To axially retain the orifice plate holding member 192 in position with respect to the body member 180, a suitable latching device 214 is provided. Turning now to FIG. 15 the latching device 214 includes a bar 216 which is rotatably mounted about a rod 218. The rod 218 is attached at one end to the body portion 180, and is provided at the other end with a rotatable cross-shaped handle 220. Circumferentially disposed around the shaft 218 between the locking bar 216 and the body member 180 is a spring 222 which resiliently urges the locking bar away from the body member 180. Accordingly, proper rotation of the handle 220 moves one end of the locking bar 216 into and out of engagement with the radial flange 194 of the orifice holding means 192.
The other end of the locking bar 216 is supported in spaced relation to the body portion 180 by the head 226 of a screw 228. A projection 224 of the head 226 cooperates with a groove on the underside of the bar 216 to permit counterclockwise movement of the bar about the shaft 218.
From FIG. 14 it will be apparent that the end of the holding device 192 is generally circular with a pair of parallel flats 219. This end conforms with the opening 173 (see FIG. 10) of the base 172. Accordingly, when the blank holding device 192 is removed from the chuck assembly 174, the blank holding device 192 can be supported in a vertical posture by the base thereby facilitating the insertion and removal of an orifice plate blank 111.
Returning to FIG. 12, the angular adjustment means 176 preferably includes a fixed generally vertical shaft 230 which is carried by the base 172. Suitable bearings 232 may be provided around the shaft 230 and internally disposed with respect to a gear wheel 234. The lower body portion 180 of the chuck assembly 174 is securely connected to the gear wheel 234 so that the chuck assembly 174 may be positioned with respect to the base 172. From FIG. 10 it will be apparent that the gear wheel 234 is provided with a plurality of generally radially extending teeth 236 having spaces 238 interposed therebetween.
A first detent 240 is mounted on the base 172 generally beneath the punch 178 and is provided to engage the spaces 238 between gear teeth 236 and to positively position the gear wheel 234 with respect to the base 172. The first detent 240 includes (see FIG. 12) a resiliently biased plunger 242 having an end 244 that is suitably shaped to conform with the spaces 238 between adjacent gear teeth 236. Thus, the first detent 240 and the teeth 236 of the wheel 234 cooperate to angularly position the chuck assembly 174 with respect to the punch.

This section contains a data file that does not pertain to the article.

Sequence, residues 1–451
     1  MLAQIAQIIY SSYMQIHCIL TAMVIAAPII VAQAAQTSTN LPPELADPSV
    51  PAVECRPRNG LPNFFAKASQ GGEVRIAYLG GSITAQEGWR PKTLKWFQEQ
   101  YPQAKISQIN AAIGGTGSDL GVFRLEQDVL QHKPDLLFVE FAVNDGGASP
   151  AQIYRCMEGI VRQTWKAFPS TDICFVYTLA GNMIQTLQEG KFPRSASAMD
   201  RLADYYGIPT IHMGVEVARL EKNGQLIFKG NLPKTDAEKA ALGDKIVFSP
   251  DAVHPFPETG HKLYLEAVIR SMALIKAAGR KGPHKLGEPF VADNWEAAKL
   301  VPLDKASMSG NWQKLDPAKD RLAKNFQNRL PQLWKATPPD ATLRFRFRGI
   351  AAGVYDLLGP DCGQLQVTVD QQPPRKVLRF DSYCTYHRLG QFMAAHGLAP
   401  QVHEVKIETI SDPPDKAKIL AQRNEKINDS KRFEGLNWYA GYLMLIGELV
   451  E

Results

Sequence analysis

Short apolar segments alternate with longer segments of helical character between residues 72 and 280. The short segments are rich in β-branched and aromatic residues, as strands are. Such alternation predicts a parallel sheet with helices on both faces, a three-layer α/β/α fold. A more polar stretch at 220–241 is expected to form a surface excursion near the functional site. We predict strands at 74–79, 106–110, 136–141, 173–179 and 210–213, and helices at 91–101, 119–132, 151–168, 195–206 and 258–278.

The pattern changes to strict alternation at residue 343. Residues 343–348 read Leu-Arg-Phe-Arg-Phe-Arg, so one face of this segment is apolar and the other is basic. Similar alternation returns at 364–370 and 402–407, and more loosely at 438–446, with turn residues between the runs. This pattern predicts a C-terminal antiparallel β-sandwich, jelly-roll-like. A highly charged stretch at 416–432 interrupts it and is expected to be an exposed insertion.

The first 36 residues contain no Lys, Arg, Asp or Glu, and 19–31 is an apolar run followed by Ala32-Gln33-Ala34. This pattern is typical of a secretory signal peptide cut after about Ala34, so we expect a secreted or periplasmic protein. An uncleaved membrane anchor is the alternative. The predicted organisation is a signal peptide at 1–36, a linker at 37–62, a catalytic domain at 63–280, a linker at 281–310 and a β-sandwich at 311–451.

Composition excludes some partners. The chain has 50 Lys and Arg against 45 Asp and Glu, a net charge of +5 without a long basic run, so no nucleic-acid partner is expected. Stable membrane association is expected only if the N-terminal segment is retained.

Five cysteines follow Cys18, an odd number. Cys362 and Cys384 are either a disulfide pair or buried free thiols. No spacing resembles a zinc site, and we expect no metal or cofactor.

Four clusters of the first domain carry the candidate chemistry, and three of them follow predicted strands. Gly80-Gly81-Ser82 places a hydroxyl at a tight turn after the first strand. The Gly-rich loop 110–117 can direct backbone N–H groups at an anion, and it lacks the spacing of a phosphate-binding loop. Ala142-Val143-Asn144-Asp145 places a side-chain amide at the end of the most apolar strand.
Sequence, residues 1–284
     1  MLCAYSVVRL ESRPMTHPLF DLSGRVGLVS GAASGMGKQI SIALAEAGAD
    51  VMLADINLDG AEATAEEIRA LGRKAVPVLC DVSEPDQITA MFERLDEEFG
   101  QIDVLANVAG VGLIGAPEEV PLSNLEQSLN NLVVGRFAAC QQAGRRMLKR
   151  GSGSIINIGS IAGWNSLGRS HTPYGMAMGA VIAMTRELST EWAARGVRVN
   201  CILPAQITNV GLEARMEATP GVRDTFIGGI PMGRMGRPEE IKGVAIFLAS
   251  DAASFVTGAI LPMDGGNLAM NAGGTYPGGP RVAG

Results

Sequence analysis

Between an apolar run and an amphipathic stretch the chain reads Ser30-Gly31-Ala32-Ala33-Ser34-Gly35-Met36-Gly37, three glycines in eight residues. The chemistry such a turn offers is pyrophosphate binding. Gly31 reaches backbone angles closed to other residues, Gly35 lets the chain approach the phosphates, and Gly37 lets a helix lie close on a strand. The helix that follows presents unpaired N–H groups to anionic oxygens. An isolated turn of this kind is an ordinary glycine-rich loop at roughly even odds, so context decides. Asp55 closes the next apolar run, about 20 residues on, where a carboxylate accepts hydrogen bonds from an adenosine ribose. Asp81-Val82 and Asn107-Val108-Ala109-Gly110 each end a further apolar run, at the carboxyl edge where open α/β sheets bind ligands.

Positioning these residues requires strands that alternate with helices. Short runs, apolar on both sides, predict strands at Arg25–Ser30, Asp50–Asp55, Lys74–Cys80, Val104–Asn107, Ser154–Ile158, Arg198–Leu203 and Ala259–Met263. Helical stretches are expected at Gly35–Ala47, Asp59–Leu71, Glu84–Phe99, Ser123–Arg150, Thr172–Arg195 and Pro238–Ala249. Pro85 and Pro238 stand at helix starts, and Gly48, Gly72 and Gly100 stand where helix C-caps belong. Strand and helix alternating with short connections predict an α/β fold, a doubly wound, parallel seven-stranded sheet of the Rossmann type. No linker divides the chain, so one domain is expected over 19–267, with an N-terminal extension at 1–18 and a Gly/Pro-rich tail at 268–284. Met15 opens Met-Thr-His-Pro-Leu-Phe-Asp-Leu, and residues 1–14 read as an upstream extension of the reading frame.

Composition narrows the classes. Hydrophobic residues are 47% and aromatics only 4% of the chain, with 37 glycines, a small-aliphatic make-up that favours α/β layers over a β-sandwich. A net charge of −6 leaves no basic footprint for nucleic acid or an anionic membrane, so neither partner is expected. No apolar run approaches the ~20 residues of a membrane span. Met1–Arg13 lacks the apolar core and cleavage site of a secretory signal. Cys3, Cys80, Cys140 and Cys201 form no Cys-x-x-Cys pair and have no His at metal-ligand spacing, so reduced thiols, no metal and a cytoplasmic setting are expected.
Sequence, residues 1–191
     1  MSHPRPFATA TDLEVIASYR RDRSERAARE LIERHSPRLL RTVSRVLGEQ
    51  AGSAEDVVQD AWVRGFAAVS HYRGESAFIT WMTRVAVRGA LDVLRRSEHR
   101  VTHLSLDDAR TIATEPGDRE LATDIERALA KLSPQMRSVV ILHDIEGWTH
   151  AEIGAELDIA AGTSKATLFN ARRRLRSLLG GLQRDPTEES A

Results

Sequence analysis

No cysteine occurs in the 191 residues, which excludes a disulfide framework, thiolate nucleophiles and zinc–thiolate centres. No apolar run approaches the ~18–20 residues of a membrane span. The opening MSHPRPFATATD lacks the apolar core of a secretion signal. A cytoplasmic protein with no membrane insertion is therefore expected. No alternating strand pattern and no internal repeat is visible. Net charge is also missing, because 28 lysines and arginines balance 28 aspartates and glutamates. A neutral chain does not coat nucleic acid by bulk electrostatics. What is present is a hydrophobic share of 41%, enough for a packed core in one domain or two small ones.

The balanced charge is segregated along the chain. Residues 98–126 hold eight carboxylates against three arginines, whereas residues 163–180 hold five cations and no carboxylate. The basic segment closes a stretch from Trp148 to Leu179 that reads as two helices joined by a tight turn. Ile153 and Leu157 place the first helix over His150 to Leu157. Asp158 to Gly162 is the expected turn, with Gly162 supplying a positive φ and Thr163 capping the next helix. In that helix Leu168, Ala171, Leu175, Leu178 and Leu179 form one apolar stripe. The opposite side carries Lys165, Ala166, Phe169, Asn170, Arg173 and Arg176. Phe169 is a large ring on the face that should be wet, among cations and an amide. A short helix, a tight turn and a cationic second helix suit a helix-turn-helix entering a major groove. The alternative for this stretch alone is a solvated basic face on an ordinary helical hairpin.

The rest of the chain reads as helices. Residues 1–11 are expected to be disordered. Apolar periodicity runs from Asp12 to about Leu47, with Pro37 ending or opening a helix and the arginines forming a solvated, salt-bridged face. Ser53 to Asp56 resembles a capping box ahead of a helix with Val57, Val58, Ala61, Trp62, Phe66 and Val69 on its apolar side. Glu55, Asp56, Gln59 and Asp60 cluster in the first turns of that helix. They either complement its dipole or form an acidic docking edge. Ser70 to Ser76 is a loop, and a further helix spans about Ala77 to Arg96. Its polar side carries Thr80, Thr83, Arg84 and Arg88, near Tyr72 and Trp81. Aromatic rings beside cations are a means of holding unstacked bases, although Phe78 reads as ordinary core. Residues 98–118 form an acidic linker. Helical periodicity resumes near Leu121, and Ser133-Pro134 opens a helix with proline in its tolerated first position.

The end 244 of the plunger 242 is carried by a translatable and rotatable shaft 241 having a suitable knob 243 and a pair of generally radial lugs 245. By pulling the knob 243 away from the gear wheel 234, the engagement between the end 244 and a space 238 is released so that the gear wheel is free to rotate. In some instances it may be desirable to hold the end 244 out of engagement with the gear wheel 234. Accordingly, by rotating the knob 243 while the lugs 245 are out of engagement with cooperating slots of the collar 247, the lugs 245 rest on the end of the collar 247 and retain the first detent in a retracted configuration.
While the first angular detent will provide a plurality of angular locations corresponding to the number of gear teeth 236 on the gear wheel 234, it will sometimes be desirable to have an additional number of angular positions for the gear wheel 234. Accordingly, a second annular detent 246 (see FIG. 10) may be angularly disposed with respect to the first detent 240 by an angle corresponding to one half of the angle subtended by an even number of gear teeth 236. This angular relationship insures that the first angular detent 240 would be engaging the crown of a gear tooth 236 when the second annular detent 246 is engaging a space 238 between adjacent gear teeth and vice versa. The second detent 246 is in all respects similar to the first detent 240. If desired an index plate 235 may be mounted on the gear wheel 234. A suitable pointer 237 attached to the base means 172 cooperates with the index plate to indicate the angular position of the gear wheel with respect to the base 172.
The vertical adjustment device 181 (see FIG. 10) for the punch 178 includes a bracket portion 248 which is directly attached to the base 172. Slidably mounted with respect to the fixed portion 248 is a carriage portion 250 to which the punch 178 is directly attached. A sliding dovetail joint may be provided between the bracket portion 248 and the carriage portion 250 in ensure both lateral and vertical support for the punch 178. A suitable rotatable index wheel 252 is connected to a carriage raising and lowering mechanism so that the carriage portion 250 may be accurately translated with respect to the bracket portion 248 to vertically position the punch 178.